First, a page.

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Health ministry to train schoolchildren on dengue prevention

LiveMint logoLiveMint 06-07-2017 Neetu Chandra Sharma

New Delhi: Making children the change agents for dengue prevention, the ministry of health and family welfare is planning to include information on dengue in schools’ extracurricular activities.

Under its ‘Strategy and Plan of Action for Effective Community Participation for Prevention and Control of Dengue’, the Union health ministry has decided to involve children for detection and elimination of containers that can lead to breeding of Aedes mosquitoes that spread dengue.

“The move will be in the direction of community participation and implementation of community based programs encouraging the children—the non-health partners—in preventing mosquitogenic conditions. Children can be best used for this purpose because dengue prevention methods will be made a part of learning in schools,” said Dr Jagdish Prasad, director general of health services (DGHS), ministry of health and family welfare.

“We have devised a plan where schoolchildren can be trained on how to detect and eliminate the breeding of dengue vector in and around schools, houses and in the neighbourhood. Schoolchildren in groups may be taken around the school premises during games period,” said Dr Prasad.

The ministry has taken a cue from Bucaramanga, Colombia, where high school students were trained in Aedes aegypti biology and control and assisted as community-based health educators. Results over 11 years (1992–2001) showed a steady decrease (with occasional increases) in the number of houses with Aedes aegypti larvae present.

“On similar lines, to encourage the school students, they can be asked to cover at least 10 open containers in his/her household or in the neighbourhood (under the guidance of parents) and monitor it for 6 months (whether the cover is in place or not). If no breeding is detected in those containers for consecutive six months (by the health workers) the students can be awarded a certificate as a token of appreciation for best work towards society,” said Dr Prasad.

Projects for involvement of schoolchildren will be developed at the state and district levels for ensuring their participation in dengue control activities. It will include information on identification of Aedes mosquito, different types of breeding sites, source reduction activities, life cycle of vector mosquito, do’s and don’ts for prevention and control of dengue.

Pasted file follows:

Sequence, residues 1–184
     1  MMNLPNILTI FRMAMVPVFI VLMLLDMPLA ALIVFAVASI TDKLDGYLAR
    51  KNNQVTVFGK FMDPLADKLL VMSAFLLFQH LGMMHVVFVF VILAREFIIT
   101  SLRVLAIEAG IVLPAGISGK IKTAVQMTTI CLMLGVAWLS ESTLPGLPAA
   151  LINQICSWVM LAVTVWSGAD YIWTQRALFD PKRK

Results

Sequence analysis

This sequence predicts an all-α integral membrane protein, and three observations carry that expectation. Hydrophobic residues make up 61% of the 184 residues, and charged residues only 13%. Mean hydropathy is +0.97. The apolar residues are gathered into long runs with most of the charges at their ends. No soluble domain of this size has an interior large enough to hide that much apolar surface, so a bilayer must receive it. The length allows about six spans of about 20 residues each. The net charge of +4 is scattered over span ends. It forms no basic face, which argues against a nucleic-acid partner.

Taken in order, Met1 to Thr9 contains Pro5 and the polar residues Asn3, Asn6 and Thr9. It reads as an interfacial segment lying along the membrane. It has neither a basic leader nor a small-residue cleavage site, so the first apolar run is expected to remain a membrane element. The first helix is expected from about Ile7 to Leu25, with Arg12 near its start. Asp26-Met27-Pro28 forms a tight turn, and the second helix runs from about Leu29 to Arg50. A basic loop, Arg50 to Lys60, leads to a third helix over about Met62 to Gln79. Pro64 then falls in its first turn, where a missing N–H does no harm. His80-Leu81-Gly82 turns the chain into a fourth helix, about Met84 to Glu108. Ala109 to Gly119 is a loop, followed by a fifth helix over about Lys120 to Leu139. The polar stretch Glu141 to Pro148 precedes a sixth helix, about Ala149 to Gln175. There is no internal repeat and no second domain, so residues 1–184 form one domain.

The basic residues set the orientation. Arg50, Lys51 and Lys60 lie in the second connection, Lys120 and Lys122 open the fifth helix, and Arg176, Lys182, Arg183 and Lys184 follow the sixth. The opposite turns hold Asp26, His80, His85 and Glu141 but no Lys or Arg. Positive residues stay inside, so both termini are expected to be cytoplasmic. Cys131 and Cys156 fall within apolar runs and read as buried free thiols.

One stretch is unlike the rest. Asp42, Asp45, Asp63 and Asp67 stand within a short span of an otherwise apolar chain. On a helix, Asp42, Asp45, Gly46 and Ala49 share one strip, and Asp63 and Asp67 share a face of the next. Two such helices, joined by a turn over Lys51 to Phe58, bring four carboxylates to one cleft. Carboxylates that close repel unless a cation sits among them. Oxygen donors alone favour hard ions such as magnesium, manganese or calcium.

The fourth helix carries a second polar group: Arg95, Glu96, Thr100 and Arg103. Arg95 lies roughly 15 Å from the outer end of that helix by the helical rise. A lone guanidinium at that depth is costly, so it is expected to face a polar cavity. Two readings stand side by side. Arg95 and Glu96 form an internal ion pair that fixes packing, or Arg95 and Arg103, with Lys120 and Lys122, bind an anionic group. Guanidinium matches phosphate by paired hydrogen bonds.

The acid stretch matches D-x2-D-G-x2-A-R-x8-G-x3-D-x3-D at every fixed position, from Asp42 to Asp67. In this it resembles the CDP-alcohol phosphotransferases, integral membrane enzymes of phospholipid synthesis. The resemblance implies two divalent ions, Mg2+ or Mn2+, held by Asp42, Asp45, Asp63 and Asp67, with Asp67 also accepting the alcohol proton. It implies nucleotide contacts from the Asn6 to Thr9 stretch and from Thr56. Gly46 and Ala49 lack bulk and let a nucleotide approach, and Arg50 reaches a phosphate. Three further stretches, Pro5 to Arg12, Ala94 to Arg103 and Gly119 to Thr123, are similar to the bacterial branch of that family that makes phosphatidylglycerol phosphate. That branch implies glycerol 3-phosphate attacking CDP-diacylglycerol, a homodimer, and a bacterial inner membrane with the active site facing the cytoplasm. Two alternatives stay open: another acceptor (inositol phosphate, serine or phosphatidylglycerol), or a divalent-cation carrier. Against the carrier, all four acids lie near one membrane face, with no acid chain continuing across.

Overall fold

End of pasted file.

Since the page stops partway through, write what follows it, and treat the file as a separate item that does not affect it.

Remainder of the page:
The students will complete project cards or reports under the supervision of their teachers and parents and submit to the teacher within a specific time period and may be rewarded after assessment of their project. The Union health ministry also plans that schools which have done commendable work in vector control will also be recognized.

The health ministry recently facilitated primary- and secondary-level schoolchildren to be sensitized during school prayer sessions so they could be the direct source of information to their community in Odisha. In the national capital, dengue home work card scheme was adopted by the Municipal Corporation of Delhi and few other corporations.

The country has witnessed over 18,700 cases of dengue this year. The maximum number of cases have been reported in Kerala at 9,104, followed by Tamil Nadu with 4,174 cases till 2 July.

According to the figures available with the Union health ministry, Karnataka has reported 1,945 cases, Gujarat 616, Andhra Pradesh 606 and West Bengal 469, among other states, till 2 July.

The national capital has already recorded around 100 cases. As many as 10,952 chikungunya cases have also been reported in the country till 2 July. Karnataka has recorded the highest number of cases at 4,047.

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